Probably the single largest challenge has involved repairing plus replicating rusted pieces of the particular car. In all, 13 sheets of 4-by-8-foot, 18-gauge steel sheet went into the restoration.

Rusted undercarriage of 1956 Mercury XM-Turnpike Cruiser
The undercarriage from the 1956 Mercury XM-Turnpike was rusted away after years of exposure to the elements.

Added / Jeff Maruska

Although some literature suggested the automobile had a 1955 Mercury convertible chassis, Maruska discovered it had been actually built atop an 1954 F-250 framework. The hand-built car was so beefy that it sported 11 leafs in its rear-spring suspension, instead of the three-leaf spring found in typical vehicles of the time.

The folks at Mercury definitely didn’t skimp on chromium either when they designed the particular Turnpike Easy riding bike. Maruska said he has been lucky to have acquired all the original detail parts with the vehicle but needed in order to get them rechromed.

Fortunately, they were produced of brass and not steel, which usually would have corroded using the car’s entire body. He hauled 220-some pieces to AIH Chrome in Dubuque, Iowa, for plating at the total cost of about $80, 000.


The vehicle features a good unique pair of butterfly windows — Plexiglas panels in the car’s roofing that automatically tilt up when triggered by an open door to provide for an easy entrance or exit.

Car interior.
The interior associated with Tom Maruska’s 1956 Mercury.

Steve Kuchera / Duluth News Tribune

Although the original windshield had been long gone, the particular previous owner knew people in the auto industry who created a clay model of the swept-back piece of glass, which was then used to produce a plaster mold that Maruska inherited when he or she bought the car. With the particular help associated with that mold, Maruska has been able to get a new windshield custom-produced.

The side glass was flat, and he was able to have it cut in Zenith Auto Glass inside Duluth.

The other curved windows in the car were made out of Plexiglas, although they were terribly discolored after decades of exposure in order to the sun and rain. Maruska said that with regard to years he had relied on a single shop to provide custom Plexiglas, but the particular proprietor experienced died.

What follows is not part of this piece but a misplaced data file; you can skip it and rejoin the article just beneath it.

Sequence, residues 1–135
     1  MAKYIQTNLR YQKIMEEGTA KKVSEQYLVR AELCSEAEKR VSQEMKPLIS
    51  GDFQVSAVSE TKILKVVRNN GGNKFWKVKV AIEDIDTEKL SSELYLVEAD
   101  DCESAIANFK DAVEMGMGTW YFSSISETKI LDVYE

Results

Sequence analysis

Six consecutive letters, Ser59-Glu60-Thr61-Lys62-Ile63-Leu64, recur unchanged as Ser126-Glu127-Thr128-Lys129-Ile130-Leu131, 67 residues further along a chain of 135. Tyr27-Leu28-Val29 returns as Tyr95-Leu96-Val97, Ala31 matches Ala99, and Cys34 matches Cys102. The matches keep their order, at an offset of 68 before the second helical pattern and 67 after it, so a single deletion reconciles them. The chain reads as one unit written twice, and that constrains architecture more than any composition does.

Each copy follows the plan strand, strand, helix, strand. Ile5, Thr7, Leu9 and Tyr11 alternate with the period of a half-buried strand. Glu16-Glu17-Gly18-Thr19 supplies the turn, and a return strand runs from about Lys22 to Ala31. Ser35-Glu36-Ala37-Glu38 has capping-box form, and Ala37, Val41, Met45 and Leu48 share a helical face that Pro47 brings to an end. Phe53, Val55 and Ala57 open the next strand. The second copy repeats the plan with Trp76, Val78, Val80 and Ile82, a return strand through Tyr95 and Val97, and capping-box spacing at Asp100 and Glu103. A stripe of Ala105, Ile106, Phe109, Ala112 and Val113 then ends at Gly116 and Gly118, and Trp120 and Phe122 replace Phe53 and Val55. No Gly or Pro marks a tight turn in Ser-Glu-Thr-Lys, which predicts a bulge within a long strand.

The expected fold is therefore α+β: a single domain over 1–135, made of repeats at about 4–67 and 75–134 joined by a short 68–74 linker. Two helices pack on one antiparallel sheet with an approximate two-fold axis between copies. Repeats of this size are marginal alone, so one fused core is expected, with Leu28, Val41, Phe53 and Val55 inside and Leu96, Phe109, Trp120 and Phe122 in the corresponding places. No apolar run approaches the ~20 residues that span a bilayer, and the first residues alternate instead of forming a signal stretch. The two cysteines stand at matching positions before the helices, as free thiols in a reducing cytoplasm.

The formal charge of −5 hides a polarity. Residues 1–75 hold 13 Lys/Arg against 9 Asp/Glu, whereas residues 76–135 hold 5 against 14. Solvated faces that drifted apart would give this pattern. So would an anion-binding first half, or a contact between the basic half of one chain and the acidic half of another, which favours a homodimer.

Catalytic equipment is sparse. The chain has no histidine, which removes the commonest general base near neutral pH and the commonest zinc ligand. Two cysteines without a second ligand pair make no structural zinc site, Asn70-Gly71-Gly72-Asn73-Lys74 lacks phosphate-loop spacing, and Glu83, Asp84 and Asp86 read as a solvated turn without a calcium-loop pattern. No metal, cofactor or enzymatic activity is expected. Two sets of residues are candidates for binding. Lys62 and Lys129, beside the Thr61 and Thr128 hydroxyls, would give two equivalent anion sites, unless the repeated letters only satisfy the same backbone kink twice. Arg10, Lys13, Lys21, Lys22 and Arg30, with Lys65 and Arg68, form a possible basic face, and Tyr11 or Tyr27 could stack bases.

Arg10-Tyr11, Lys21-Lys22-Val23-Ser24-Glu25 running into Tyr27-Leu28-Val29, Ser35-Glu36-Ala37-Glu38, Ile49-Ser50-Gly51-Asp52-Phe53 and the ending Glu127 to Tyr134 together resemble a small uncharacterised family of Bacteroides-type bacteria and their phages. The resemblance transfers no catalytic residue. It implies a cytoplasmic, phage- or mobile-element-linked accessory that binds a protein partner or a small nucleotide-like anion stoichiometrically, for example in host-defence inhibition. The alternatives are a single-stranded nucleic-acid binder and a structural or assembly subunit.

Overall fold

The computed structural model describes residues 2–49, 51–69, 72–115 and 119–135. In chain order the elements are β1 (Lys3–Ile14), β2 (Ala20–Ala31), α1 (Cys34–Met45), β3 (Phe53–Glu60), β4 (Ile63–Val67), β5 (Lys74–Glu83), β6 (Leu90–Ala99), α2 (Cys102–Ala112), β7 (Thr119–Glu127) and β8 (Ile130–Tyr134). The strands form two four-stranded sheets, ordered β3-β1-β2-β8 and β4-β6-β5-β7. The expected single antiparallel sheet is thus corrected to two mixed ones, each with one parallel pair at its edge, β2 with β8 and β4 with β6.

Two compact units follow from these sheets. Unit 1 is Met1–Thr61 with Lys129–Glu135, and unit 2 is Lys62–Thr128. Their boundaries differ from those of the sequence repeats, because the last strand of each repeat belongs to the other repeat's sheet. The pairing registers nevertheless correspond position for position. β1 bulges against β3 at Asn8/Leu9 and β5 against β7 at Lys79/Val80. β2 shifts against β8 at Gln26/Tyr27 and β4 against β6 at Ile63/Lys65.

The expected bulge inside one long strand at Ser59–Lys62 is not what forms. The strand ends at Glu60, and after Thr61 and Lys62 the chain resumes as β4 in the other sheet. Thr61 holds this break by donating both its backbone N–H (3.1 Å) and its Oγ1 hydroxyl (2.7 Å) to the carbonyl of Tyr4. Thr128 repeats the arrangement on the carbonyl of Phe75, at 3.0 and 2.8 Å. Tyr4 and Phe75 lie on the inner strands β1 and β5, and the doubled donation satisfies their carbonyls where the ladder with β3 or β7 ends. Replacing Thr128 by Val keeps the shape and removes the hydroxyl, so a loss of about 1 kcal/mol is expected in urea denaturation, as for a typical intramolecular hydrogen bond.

A car sitting in a driveway.
Tom Maruska’s 1956 Mercury XM-Turnpike Cruiser is an one -of-its-kind concept vehicle, built to gauge consumer interest at car shows.

Steve Kuchera or Duluth News Tribune

Left to their own devices, Maruska decided to tackle the job himself. He made plaster molds of the old home windows and after that used those to shape new duplicates.

“I obtained two free electric ranges off of Craigslist and I took them apart and put them together to make 1 oven big enough to put these butterfly roof sections in, ” he stated pointing in order to the finished result.

Maruska acknowledged there was a learning curve included and mentioned he went through quite a bit associated with Plexiglas just before he dialed in the exact temperature and technique needed to accurately replicate the initial windows.

The car has the original 292-cubic-inch engine, but it was rebuilt from Midwest Engine in Duluth. And Maruska redid the transmission themselves.

Man opening a car hood.
Dan Maruska opens the hood of his 1956 Mercury on Sept. 29 to show its 292-cubic-inch engine.

Steve Kuchera / Duluth News Tribune

He did alter the particular engine compartment the bit, however. All the components yet the motor itself have been painted to match the body originally.

“Everything was orange in there, plus I just couldn’t do that, ” Maruska said.

A few pieces had been missing from the original vehicle, including a good air cleaner and an intake, as well because a pair of carburetors and valve covers. Maruska subbed out there Thunderbird control device covers but ground the particular bird emblems out, replacing them with all those of a 1957 Turnpike Cruiser to come back the automobile to its original appearance. Other items he fabricated and replaced as required to return the engine bay to the original look, minus the orange paint.

Maruska’s already moving on in order to new projects, including the 1965 Corvette and a 1964 Amphicar, their fourth repair from the German-built amphibious vehicle.

Man next to a car in a garage.
Tom Maruska looks at a future restoration task, a 1964 Amphicar, a good amphibious car manufactured in West Germany, on September. 29.

Sam Kuchera and Duluth Information Tribune

One of Maruska’s fastidiously refurbished Amphicars sold for more than $124, 500 in 2006, setting a record auction price that will stood unparalleled for more than 15 years until April of this year, when someone else sold one of the quirky automobiles for $161, 700.